‘Even with small test samples, 80% of the data can be used to predict how well the models will work. The models are then duplicated into a huge database to screen customer groups and their behaviour,’ says Mitronen.

The companies’ algorithms detect correlations in their data that are useful for marketing automation.

‘The models help create different customer segments and predict whether or not you will become a good customer in the short term or over a five-year period. As a result, the importance of digital marketing has also increased.’

Every click is tracked

An online shop such as Amazon collects a mass of data from its customers that identifies each consumer’s movements, clicks, and time spent on each product. This digital big brother knows your dreams and helps them come true – by buying products.

Whether a consumer benefits or loses depends on their awareness of such tactics.

Your everyday life can be improved when an online shop knows your taste in music or what movies you have watched and on which websites you shop. Thus, artificial intelligence also serves the consumer.

But consumers are often concerned about the use and possible manipulation of their data. UN Secretary-General António Guterres has also addressed this concern about how user data is being sold for advertising and to sway public opinion.

‘It can be harmful to a consumer if their information is used for a different purpose than originally authorised. In response to such concerns, the European Union passed the General Data Protection Regulation (GDPR). The GDPR’s purpose is to guide organisations’ actions and help prevent the misuse of consumer data. Online consumers are also concerned with credit card security and identity theft,’ Mitronen explains.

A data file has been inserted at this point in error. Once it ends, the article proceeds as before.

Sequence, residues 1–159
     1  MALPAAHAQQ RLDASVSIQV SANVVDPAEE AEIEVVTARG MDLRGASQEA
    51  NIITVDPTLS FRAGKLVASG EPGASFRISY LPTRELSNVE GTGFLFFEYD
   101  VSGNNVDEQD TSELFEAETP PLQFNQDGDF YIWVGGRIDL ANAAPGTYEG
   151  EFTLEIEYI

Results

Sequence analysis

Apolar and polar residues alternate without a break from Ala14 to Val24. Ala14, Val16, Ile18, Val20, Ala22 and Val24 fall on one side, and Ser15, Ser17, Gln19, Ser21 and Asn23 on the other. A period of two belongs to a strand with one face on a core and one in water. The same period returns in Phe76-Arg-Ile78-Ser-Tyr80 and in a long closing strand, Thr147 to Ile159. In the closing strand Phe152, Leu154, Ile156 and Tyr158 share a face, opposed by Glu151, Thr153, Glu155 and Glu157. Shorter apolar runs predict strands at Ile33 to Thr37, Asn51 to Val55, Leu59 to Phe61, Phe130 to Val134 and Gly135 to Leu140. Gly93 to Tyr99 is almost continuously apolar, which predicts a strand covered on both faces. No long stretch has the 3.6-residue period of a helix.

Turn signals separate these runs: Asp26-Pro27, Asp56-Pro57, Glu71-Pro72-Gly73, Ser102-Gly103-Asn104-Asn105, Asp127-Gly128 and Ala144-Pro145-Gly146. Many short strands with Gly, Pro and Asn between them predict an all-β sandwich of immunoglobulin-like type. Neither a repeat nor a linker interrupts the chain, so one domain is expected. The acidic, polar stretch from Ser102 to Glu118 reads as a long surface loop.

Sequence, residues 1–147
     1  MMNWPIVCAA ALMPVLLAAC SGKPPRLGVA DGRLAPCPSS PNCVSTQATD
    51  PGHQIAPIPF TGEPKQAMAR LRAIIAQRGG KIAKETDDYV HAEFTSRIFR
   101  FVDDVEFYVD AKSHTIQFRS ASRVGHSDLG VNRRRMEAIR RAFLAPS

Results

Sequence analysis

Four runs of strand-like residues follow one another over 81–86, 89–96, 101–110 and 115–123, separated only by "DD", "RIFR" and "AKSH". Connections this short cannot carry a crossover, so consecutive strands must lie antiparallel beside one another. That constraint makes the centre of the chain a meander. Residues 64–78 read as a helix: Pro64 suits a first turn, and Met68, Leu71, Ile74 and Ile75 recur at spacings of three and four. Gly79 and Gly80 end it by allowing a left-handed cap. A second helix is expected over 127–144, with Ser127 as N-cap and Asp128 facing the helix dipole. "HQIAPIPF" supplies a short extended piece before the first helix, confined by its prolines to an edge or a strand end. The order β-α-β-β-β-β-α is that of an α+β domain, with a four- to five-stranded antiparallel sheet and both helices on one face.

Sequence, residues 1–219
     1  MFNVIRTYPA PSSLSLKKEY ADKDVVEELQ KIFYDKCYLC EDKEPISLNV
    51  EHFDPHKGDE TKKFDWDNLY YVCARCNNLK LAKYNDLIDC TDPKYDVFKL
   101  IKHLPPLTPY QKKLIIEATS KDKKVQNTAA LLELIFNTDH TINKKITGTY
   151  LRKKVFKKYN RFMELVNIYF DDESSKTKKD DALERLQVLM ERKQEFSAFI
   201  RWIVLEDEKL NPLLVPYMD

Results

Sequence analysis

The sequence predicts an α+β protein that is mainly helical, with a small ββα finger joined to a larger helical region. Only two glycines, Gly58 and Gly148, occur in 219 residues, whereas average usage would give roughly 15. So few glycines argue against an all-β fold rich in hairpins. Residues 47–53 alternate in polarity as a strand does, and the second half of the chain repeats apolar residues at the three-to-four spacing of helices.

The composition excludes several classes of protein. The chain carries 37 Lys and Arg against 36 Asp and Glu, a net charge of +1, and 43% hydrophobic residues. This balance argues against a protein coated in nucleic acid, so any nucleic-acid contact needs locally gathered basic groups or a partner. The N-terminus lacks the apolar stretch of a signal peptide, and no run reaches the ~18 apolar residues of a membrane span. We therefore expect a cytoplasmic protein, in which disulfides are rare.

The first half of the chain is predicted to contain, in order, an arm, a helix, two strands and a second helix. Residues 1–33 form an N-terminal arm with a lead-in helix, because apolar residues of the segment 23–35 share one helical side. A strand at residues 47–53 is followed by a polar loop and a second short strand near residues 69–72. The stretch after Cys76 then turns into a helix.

‘The excellence of e-commerce is justified by the fact that it removes trade barriers and makes shopping easier. But we should remember that algorithms work well and correctly only as long as their purpose is also for good from an ethical point of view,’ adds Hänninen.

One example is your health. Suppose you have osteoarthritis and have done an online for information on this condition. In that case, the algorithm will save that information, and then your email may be flooded with ads for products to help those suffering from knee conditions – some of which you might find useful.

The United States deemed it ethically unacceptable that a young woman’s secret pregnancy was revealed to her family by baby product ads created using algorithms.

Algorithms can also lead you down the wrong path entirely. One interesting case occurred in the UK when a person making a homemade bomb ordered materials such as steel wire from Amazon. Thanks to algorithm-generated ads, subsequent customers who also bought steel wire were shown special offers for acid, which is also used in bomb-making.

Companies have started to demand strong identification from their customers to improve their position and avoid risks. Various security breaches and crimes have fueled this development.

‘Gradually, companies like Amazon and Alibaba may join the telecommunications business, gaining access to internet and phone usage data. And next, they may look to expand into the healthcare sector.’

Amazon already owns, for example, the PillPack online pharmacy and sells prescription drugs, among other things.

‘Also, Amazon Care, a digital healthcare service, is in its pilot phase. All the big technology giants have these experiments underway.’

They are also developing new service packages around pharmacies.

‘We can measure consumer confidence by whether a consumer is willing to provide access to their healthcare information,’ says Mitronen.

Text: Helena Raunio
Photo: Jaakko Kahilaniemi

This article is published in the Aalto University Magazine issue 28, May 2021 (facsimile copy on issuu.com).